30. 30. THREE A FOUNDATIONAL DRIVER FOR CHANGE BUILDING STRONG COMMUNITIES Green building is a key component to building healthy, vibrant, and economically strong communities. Leading communities throughout the world recognize that people want to live in places with a strong sense of community, attractive and comfortable homes, walkable streets, and plentiful green spaces, and proximity to transit, shops, and work. 8 DOCKSIDE GREEN Victoria, British Columbia, Canada 29 DOCKSIDE GREEN IS AN EXAMPLE OF A COMPREHENSIVE GREEN DEVELOPMENT. THIS 1.3 MILLION SQ. FT. MIXED- USE SUSTAINABLE COMMUNITY IS UNDER DEVELOPMENT ON A 15-ACRE FORMER BROWNFIELDS SITE IN VICTORIA, BRITISH COLUMBIA. THE PROJECT INCLUDES RESIDENTIAL, OFFICE, AND COMMERCIAL SPACES, AS WELL AS LIGHT INDUSTRIAL ASSETS. IT IS A PEDESTRIAN- AND BIKE- FRIENDLY NEIGHBORHOOD LOCATED BETWEEN THE CITY’S DOWNTOWN AND THE UPPER HARBOR. THE BUILDINGS ARE BEING DESIGNED TO USE 45 TO 55 PERCENT LESS ENERGY THAN THE CANADIAN MODEL NATIONAL ENERGY CODE SPECIFIES. ALL SEWAGE GENERATED IS TREATED ON-SITE. POTABLE WATER USE IS 65 PERCENT LESS THAN IN TRADITIONAL DEVELOPMENTS. ENVIRONMENTALLY- FRIENDLY PRODUCTS ARE USED THROUGHOUT, AND THE DEVELOPMENT HAS A GOAL TO REUSE OR RECYCLE 90 PERCENT OF THE CONSTRUCTION WASTE ON-SITE. Photos: Windmill Development Group
  31. 31. THREE A FOUNDATIONAL DRIVER FOR CHANGE IMPROVING HUMAN HEALTH AND PRODUCTIVITY While energy-related issues drive much of the green building policy discussion, for many businesses, energy costs represent a marginal cost of doing business as compared with the salaries of employees. Substantial research supports the benefits to human health and productivity from green features such as daylighting, increased natural air ventilation, and moisture reduction, and the use of low-emitting floor carpets, glues, paint and other interior finishes and furnishings.14 Poor indoor air quality exacerbates asthma, allergies, and the spread of influenza, and is the cause of sick building syndrome and contributes to Legionnaires’ disease. In the United States, the annual cost of building- related sickness is estimated to be $58 billion. According to researchers, green building has the potential to generate an additional $200 billion annually in worker performance in the United States by creating offices with better indoor air.15 9 CK CHOI BUILDING Vancouver, British Columbia, Canada THE CK CHOI BUILDING IN VANCOUVER IS AN EXAMPLE OF POTENTIAL HEALTH BENEFITS OF GREEN BUILDING. THE OCCUPANTS ENJOY NATURAL DAYLIGHTING AND FRESH AIR AT ALL TIMES. AIR QUALITY IS ENHANCED THROUGH CAREFUL MATERIAL CHOICES; CARPET WAS LAID WITHOUT ADHESIVES, MILLWORK WAS CONSTRUCTED FROM FORMALDEHYDE-FREE BOARDS, AND FINISHES ARE SOLVENT-FREE/LOW EMISSION PRODUCTS. Photos: UBC Sustainability Office/ Matsuzaki Architects Inc. 14 See <http://gaia.lbl.gov/IHP/>. 15 See <http://www.aia.org/aiarchitect/thisweek05/tw1021/tw1021plantsatwork.cfm>.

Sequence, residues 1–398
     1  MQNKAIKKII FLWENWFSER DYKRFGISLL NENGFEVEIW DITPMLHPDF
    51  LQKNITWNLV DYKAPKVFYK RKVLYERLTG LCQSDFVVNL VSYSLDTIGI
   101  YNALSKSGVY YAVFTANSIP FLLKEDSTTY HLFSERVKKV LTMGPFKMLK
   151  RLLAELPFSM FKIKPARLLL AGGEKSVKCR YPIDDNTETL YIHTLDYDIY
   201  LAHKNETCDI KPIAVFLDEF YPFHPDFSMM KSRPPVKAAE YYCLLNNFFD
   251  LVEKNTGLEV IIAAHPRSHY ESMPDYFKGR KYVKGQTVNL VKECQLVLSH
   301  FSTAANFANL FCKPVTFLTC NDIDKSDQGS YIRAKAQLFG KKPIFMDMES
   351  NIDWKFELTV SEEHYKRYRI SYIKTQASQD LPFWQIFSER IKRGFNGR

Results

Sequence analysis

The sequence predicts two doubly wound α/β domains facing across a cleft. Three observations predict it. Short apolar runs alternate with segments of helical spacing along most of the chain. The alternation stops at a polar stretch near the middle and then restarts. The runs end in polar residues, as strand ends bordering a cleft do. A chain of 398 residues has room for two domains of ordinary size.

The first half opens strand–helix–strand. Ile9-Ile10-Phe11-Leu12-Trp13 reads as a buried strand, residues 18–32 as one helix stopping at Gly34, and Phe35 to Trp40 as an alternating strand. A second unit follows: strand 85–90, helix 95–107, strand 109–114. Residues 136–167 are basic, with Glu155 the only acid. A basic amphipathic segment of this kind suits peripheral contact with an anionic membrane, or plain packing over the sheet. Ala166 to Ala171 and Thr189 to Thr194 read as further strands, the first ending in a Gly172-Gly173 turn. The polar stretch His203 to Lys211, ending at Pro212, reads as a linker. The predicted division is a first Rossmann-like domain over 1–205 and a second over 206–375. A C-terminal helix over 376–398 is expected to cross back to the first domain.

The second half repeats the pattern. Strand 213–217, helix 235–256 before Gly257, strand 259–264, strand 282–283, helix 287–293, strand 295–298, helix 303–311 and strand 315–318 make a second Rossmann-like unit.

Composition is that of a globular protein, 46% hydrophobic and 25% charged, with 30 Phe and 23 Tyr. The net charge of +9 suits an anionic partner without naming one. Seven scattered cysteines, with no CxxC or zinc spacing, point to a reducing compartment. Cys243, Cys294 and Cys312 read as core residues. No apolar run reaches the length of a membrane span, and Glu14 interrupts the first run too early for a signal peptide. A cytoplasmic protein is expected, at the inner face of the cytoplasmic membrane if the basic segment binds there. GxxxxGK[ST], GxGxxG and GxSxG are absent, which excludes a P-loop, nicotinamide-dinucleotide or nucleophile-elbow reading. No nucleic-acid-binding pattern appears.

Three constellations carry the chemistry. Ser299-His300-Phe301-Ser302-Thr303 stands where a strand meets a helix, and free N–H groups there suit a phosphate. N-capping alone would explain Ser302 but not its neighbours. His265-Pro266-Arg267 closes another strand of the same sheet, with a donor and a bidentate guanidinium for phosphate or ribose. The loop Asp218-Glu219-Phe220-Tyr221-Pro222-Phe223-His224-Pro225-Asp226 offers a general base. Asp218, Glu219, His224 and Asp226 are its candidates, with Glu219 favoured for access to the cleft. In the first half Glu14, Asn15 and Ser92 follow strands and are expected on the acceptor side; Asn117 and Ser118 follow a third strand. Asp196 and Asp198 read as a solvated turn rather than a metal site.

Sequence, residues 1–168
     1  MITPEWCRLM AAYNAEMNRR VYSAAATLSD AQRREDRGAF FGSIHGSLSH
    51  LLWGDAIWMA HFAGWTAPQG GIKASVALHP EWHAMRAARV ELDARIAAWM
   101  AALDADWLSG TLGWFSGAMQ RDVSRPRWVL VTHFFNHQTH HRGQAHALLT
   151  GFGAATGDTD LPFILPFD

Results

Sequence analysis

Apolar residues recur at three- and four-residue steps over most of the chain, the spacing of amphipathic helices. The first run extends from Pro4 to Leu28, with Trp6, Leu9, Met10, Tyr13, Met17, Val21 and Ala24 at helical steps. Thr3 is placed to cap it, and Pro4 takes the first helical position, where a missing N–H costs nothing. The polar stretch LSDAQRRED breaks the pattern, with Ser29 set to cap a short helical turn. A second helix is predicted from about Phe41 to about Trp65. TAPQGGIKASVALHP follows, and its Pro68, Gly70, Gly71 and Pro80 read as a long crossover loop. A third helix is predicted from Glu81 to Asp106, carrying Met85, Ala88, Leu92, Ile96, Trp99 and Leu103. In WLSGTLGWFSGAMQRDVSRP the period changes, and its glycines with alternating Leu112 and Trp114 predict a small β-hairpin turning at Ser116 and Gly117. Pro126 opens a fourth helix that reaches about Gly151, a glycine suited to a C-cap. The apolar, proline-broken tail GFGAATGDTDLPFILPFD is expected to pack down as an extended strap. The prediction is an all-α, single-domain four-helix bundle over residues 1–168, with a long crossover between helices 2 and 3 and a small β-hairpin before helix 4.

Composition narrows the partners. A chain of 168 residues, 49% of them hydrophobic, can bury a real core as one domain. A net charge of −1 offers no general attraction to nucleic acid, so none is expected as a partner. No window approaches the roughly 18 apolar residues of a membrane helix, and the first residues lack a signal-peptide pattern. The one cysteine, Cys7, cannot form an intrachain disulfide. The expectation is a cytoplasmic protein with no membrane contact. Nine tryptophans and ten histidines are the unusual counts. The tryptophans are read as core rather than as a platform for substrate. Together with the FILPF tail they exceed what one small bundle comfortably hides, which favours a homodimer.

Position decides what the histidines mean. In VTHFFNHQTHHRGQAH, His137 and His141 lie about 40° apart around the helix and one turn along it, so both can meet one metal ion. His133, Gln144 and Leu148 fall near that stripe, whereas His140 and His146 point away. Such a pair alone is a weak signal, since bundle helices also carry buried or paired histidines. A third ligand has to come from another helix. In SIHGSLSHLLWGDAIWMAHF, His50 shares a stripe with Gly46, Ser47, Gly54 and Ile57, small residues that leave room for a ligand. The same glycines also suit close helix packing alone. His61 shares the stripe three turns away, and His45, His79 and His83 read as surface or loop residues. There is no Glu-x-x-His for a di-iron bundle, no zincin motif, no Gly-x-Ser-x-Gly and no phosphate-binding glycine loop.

32. 32. THREE A FOUNDATIONAL DRIVER FOR CHANGE THE SOLAIRE 10 Battery Park City, New York, United States THE SOLAIRE IN NEW YORK CITY IS A LEED GOLD RESIDENTIAL BUILDING FOR WHICH A RENT PREMIUM OF FIVE PERCENT OVER NEARBY COMPARABLE BUILDINGS HAS BEEN ATTRIBUTED 31 TO HEALTH BENEFITS DUE TO THE BUILDING’S HIGH INDOOR AIR QUALITY. Photos: © Jeff Goldberg/Esto